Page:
Nomads resulted from Ribas’ long-standing research into the interplay between architecture, commerce and history, and the impact that they exert on urban life. He focuses on complex relationships between past and present, and the ways in which they intersect with public, private and commercial spaces. ‘For Xavier Ribas photography is a medium belonging equally to many disciplines: documentary, anthropology, history, politics, social geography and art’ (David Campany, 2010).
Shown for the first time at ProjecteSD, Barcelona, Nomads (2009) comprised a series of 33 black and white photographs, two colour photographs of storm clouds, a text, and a print on photographic paper taken from an aerial image obtained from Google Earth. These photographs conveyed the destructive impact wrought on the urban landscape by property developers who intimidated and violently evicted about 60 gypsy families living on an industrial plot in the Poblenou district of Barcelona. The rubble-dominated environment resulting from the use of industrial diggers and pneumatic drills to render the land uninhabitable demonstrated the economic value of destruction for controlling space. As Campany wrote when Nomads was shown as part of the ‘This Must Be the Place’ exhibition at the Jerwood Space, London (2010): ‘The chaotic forms of the site are made all the more striking by the diligent, quasi-forensic documentation and the geometry of his presentation.’ Ribas himself wrote that, ‘The broken ground, the fissures and fragments of concrete slabs standing up like remnants of ancient Mayan stellas give testimony, still today, of this displacement.’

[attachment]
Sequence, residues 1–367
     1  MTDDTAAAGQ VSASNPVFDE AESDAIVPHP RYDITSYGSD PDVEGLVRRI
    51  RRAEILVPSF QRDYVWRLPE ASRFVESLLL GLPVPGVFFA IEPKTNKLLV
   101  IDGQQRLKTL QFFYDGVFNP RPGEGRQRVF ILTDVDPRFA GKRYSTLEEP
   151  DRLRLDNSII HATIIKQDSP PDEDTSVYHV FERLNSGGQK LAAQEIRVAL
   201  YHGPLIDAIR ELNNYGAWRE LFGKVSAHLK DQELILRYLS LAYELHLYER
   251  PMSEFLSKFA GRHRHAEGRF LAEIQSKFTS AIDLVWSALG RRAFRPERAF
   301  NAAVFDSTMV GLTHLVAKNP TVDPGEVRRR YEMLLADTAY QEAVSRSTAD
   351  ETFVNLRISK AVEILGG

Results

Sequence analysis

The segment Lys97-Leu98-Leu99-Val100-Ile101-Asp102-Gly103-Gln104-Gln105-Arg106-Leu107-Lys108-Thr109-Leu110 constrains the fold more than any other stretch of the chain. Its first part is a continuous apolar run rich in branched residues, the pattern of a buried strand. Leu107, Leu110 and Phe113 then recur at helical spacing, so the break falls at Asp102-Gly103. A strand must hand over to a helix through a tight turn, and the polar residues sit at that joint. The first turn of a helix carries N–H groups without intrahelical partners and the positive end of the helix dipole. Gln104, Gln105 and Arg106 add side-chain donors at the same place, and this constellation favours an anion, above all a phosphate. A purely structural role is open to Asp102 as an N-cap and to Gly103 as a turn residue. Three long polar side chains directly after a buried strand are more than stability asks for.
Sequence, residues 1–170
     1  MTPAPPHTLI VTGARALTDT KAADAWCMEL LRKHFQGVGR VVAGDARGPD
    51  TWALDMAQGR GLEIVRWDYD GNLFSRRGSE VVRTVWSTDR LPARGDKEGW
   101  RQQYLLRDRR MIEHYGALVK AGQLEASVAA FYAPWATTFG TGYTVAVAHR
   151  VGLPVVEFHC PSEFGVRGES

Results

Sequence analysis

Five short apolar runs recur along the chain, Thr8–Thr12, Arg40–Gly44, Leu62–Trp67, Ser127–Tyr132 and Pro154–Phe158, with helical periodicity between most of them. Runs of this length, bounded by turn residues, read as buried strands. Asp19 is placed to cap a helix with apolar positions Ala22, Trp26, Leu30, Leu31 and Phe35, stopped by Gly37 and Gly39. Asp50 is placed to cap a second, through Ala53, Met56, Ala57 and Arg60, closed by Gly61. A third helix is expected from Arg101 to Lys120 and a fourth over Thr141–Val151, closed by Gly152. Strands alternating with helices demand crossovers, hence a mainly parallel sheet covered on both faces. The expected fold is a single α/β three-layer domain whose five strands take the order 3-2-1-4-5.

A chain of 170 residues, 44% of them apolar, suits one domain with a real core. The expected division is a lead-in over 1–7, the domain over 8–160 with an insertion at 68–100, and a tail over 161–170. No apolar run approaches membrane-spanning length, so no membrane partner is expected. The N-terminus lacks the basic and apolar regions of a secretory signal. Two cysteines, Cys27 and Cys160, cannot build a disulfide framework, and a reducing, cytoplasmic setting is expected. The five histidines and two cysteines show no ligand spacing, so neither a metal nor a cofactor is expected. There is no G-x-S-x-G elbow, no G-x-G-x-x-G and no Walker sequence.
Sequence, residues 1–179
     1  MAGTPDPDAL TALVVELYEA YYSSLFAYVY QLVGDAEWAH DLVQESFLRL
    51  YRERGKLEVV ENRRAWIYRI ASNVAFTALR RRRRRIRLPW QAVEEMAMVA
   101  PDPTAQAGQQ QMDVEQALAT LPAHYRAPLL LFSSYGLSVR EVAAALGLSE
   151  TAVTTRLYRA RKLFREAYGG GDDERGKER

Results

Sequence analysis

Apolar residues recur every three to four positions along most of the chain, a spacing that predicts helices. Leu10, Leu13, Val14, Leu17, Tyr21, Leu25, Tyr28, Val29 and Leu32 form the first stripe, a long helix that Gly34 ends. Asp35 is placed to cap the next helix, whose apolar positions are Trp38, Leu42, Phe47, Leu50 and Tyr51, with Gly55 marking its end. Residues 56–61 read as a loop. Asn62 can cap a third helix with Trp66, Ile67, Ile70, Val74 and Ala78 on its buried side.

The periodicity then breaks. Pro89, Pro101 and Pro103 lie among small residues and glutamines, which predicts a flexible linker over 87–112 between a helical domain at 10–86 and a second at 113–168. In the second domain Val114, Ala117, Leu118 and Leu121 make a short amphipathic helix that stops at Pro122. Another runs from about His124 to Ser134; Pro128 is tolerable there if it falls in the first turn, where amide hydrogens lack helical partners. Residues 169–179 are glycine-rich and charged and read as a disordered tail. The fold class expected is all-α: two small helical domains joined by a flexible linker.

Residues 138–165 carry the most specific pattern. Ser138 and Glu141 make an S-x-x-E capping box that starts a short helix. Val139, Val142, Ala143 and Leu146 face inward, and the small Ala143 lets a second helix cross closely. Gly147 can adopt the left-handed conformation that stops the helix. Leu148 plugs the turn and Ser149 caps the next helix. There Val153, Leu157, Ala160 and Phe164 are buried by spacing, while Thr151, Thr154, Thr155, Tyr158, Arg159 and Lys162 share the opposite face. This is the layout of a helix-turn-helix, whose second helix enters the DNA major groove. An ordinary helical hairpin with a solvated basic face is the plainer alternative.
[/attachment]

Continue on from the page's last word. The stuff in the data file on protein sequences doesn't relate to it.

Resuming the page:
When installed in exhibition format the images are presented in three tiered rows, bringing a sense of structure to the broken elements of the urban landscape whilst endowing the grid with some of the qualities of an urban plan, as in the accompanying composite images of the site from Google Earth.
The project was also published as a book, Concrete Geographies [Nomads] (2012).